Saddlescombe - The Templars and Hospitallers
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The Knights Templar were founded to protect Christian pilgrims travelling to the Holy Land after the Crusaders re-captured Jerusalem. The organisation attracted huge charitable endowments of money and land to help defend Jerusalem, and also in the hope of a place in heaven for the donor. Saddlescombe was one of those endowments, given to the Templars in the 1220s by Geoffrey de Say who was the Fifth Earl of Warenne's tenant.
Saddlescombe as a Preceptory
The farm became a Preceptory, a centre where profits from the farm and other Templar properties nearby would be collected in support of the knights adventuring overseas. The Templars were a religious order and as such Saddlescombe would have been administered by several monks, but no knights would actually have lived here.
The 1308 survey
This shows the Preceptory as a small manor house with a room used as a chapel and farm buildings. Nothing at all survives from this date but there are various lumps and bumps around the farm that hint at earlier settlements. Included in the survey was:
- 170 acres for arable crops, chiefly barley and oats
- Over 600 sheep, one horse, 12 oxen, 40 sheep hurdles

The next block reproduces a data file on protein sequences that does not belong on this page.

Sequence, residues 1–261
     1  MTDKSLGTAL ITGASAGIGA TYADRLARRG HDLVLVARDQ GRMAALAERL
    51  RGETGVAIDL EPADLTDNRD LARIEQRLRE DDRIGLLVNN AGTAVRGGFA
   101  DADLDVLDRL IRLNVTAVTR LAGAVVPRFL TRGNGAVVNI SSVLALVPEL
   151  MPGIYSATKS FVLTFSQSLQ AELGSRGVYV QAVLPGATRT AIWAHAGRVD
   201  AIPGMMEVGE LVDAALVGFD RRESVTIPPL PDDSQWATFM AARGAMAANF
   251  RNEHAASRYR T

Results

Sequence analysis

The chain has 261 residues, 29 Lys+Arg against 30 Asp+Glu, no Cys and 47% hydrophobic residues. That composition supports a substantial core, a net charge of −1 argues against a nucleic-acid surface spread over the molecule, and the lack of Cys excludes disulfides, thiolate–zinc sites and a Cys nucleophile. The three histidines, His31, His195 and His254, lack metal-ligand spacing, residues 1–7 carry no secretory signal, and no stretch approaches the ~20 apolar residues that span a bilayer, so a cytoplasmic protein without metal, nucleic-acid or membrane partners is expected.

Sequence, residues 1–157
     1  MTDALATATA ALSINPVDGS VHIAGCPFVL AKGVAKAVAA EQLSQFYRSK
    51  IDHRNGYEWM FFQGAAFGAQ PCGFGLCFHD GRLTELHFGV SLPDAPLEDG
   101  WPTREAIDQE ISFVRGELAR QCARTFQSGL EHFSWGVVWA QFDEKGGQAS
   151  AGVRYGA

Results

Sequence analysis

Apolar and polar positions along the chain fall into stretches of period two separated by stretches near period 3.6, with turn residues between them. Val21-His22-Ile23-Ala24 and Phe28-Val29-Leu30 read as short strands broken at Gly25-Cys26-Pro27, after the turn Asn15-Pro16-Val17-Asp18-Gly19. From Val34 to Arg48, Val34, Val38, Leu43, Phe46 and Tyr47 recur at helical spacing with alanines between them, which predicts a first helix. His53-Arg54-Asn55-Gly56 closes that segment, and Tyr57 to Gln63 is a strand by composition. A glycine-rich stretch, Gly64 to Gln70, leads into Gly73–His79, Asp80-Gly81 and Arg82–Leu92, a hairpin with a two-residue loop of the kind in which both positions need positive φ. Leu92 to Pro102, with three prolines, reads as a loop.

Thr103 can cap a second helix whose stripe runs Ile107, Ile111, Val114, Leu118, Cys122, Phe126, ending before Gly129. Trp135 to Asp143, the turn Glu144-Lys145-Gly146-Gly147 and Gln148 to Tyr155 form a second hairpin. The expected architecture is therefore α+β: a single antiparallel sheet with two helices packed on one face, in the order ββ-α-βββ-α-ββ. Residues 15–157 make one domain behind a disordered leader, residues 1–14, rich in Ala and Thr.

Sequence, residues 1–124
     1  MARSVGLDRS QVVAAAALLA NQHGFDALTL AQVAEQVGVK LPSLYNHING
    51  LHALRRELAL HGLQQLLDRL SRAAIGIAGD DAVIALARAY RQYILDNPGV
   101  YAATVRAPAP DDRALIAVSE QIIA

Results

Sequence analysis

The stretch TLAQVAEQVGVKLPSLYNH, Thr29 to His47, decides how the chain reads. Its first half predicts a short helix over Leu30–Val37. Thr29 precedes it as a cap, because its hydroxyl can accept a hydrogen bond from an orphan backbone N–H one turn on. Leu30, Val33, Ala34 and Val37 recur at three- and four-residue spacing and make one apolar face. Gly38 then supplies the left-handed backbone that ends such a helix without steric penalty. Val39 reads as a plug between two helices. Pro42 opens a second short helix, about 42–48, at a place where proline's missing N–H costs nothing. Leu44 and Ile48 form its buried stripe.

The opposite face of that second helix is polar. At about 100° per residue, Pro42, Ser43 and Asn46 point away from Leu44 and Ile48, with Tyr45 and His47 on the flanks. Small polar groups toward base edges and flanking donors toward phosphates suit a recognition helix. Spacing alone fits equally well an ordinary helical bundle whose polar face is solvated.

- 2 wagons, 2 ploughs, 3 harrows, shovels, spades, dung forks, sheaf forks, an axe and 2 choppers
- For cooking: a tripod, an andiron, a firefork, a kettle and a crater (a sort of cauldron)
- Serving meals: 2 brass pots, 2 pipkins (pottery bowls), 2 dishes, a basin, a mazer (a wooden cup).
- Cider-making & brewing: 2 casks & one pipe of cider, 3 empty casks, 3 barrels, 4 vats, 2 kneading troughs and a tub for chopping malt.
The chapel, within the house, contained what a monk needed to celebrate Mass. The most valuable item on the whole farm was here: a manuscript book called a Missal (giving the text of the Mass), valued at 20 shillings. The next highest valuations were 13s for each ox and 10s each for the two brass pots and for the chapel's cup.
A bizarre letter
The only other known document was a bizarre letter, found in Saddlescombe’s deeds, from Archbishop Azo. He requested that the Order take in a woman, unthinkable for such a group of “bretheren”.
In 1312 the Templars were disbanded and their property was transferred to the Knights Hospitallers (a similar organisation to the Templars) but John 7th Earl of Warenne intervened at Saddlescombe. He obtained the manor for his illegitimate son Sir Thomas Nerford until 1397 when Saddlescombe was restored to the Hospitallers.